"The American Republic will endure until the day Congress discovers it can bribe the public with the public's own money.
    - Alexis de Toqueville, 1835

  7. #7
    Join Date
    Jan 2005
    Location
    North Las Vegas
    Posts
    784
    By this statement alone he knew better then to ask lol


    (The Home Desperate clerk suggested I use BIG aluminum wires and put it under ground (#2) I think. I am scared of aluminum wiring and think cooper is best for me. I also do not trust the Home Desperate (Depot) since the electrical genius may work in the hardware section and may not have a clue.)

    But rather then check with a licensed Professionial its easier to slam the poor guy working for 10 bucks an hour in a retail store. The term Expert as applied in those stores should be taken with a grain of salt and understanding that they are not Licensed Professional's in the Trades and most likely have no Trade School backround.



    Far better it is to dare mighty things, to win glorious triumphs even though checkered by failure, than to rank with those poor spirits who neither enjoy nor suffer much because they live in the gray twilight that knows neither victory nor defeat. (President Theodore Roosevelt)

  8. #8
    Join Date
    Jan 2004
    Posts
    933
    Not all "home boys" are clueless, ask the guy with the dirty apron he may know, the clean aprons are the ones you have to watch. I deal with the first shift people monday through friday and they are pretty good.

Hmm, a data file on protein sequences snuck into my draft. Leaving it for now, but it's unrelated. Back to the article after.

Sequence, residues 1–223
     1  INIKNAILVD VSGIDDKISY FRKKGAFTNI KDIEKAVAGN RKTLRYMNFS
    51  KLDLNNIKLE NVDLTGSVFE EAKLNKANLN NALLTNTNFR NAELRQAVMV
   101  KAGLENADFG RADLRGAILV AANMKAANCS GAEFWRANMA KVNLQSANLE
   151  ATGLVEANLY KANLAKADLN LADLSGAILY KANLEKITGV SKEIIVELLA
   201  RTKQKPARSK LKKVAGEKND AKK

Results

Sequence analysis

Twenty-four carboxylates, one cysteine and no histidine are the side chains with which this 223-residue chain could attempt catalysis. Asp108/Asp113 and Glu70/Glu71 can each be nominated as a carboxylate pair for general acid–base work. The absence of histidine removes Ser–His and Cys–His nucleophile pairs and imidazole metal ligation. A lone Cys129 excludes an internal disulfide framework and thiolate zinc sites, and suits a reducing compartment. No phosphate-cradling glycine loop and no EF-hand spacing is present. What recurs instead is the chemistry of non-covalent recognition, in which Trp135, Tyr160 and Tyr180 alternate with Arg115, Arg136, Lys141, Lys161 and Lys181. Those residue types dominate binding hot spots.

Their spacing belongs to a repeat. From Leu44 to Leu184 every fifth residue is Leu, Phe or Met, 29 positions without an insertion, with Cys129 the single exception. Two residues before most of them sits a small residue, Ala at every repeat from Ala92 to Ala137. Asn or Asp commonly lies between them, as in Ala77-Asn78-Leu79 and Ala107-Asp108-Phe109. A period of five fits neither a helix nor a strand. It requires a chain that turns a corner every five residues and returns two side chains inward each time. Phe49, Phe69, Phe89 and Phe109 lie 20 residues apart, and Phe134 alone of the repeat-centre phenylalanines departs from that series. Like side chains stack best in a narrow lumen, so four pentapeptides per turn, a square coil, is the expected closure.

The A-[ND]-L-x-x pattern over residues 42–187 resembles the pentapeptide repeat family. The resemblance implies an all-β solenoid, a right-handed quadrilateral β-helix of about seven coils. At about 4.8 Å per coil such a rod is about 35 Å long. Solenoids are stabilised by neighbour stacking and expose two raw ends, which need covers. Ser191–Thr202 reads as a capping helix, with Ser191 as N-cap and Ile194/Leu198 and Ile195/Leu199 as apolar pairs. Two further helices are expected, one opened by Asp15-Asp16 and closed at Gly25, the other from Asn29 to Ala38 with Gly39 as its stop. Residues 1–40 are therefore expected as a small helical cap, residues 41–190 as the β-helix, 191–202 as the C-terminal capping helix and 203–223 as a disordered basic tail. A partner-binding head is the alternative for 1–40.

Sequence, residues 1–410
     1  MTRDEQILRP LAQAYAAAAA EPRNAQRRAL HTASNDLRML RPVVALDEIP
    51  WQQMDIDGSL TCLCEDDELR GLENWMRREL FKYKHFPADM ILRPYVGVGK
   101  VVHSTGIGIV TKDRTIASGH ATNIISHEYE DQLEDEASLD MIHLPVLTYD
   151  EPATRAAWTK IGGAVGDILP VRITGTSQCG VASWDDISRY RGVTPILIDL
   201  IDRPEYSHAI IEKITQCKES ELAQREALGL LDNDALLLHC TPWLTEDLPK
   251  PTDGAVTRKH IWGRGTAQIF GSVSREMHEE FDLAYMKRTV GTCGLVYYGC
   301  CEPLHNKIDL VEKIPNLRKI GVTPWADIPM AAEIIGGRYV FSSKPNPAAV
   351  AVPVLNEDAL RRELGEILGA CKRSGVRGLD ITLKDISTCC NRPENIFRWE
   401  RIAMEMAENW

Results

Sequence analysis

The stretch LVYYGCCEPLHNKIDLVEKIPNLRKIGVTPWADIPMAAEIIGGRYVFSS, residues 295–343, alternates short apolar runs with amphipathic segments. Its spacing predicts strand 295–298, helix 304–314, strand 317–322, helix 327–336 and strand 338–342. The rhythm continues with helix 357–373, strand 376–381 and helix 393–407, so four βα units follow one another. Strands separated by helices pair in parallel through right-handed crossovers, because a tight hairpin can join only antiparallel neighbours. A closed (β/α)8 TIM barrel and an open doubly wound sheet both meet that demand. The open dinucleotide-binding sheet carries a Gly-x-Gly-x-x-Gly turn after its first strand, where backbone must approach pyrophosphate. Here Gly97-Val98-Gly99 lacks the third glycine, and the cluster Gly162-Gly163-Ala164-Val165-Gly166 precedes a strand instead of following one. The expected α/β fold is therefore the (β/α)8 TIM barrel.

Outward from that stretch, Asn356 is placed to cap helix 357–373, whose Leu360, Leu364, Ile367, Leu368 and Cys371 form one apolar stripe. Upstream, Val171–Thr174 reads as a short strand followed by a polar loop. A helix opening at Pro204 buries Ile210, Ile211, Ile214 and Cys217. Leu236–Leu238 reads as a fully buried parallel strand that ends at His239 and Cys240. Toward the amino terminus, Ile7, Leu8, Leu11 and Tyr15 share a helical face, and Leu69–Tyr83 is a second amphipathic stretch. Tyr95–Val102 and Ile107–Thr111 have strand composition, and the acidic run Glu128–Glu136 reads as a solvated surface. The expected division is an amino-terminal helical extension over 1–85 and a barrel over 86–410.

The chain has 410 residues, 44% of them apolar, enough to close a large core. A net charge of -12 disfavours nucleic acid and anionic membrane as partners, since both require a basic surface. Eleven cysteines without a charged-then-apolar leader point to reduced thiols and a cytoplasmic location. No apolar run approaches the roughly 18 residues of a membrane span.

Still learning opinions welcome.

  9. #9
    Lemme get this straight... people are supposed to trust the goons at Home Depot instead of consulting a licensed professional? When it comes to electricity in the home they live it? Where their kids sleep? Spend a few dollars and have an electrician spec the job and pull a permit if you want to do the grunt work...

  10. #10
    on a similar note I heard an electrician telling a guy the other day that if you have direct burial cable it needs to be bigger than cable in the air for the same load he said the ground does not allow it to shed heat as fast as the air, at first I though no way but now I'm not so sure lol any electricians out there have an answer to this?

  11. #11
    Join Date
    Nov 2002
    Location
    emerald city, sc
    Posts
    1,469
    Originally posted by btj steamfitter / ref
    on a similar note I heard an electrician telling a guy the other day that if you have direct burial cable it needs to be bigger than cable in the air for the same load he said the ground does not allow it to shed heat as fast as the air, at first I though no way but now I'm not so sure lol any electricians out there have an answer to this?
    so if i run geothermal pipes above ground, my system will work better than buried pipes. why am i digging ditches?
    i wanted to put a picture here

  12. #12
    Join Date
    May 2004
    Location
    Illinois
    Posts
    2,843
    Originally posted by control_noob
    Lemme get this straight... people are supposed to trust the goons at Home Depot instead of consulting a licensed professional? When it comes to electricity in the home they live it? Where their kids sleep? Spend a few dollars and have an electrician spec the job and pull a permit if you want to do the grunt work...
    Tell me why you can buy a gas water heater, but not a gas furnace..

  13. #13
    Join Date
    Jul 2000
    Location
    Dallas,Texas
    Posts
    4,972
    Originally posted by control_noob
    Lemme get this straight... people are supposed to trust the goons at Home Depot instead of consulting a licensed professional? When it comes to electricity in the home they live it? Where their kids sleep? Spend a few dollars and have an electrician spec the job and pull a permit if you want to do the grunt work...
    Weren't you just asking about a sub panel to a tankless water heater, in another thread?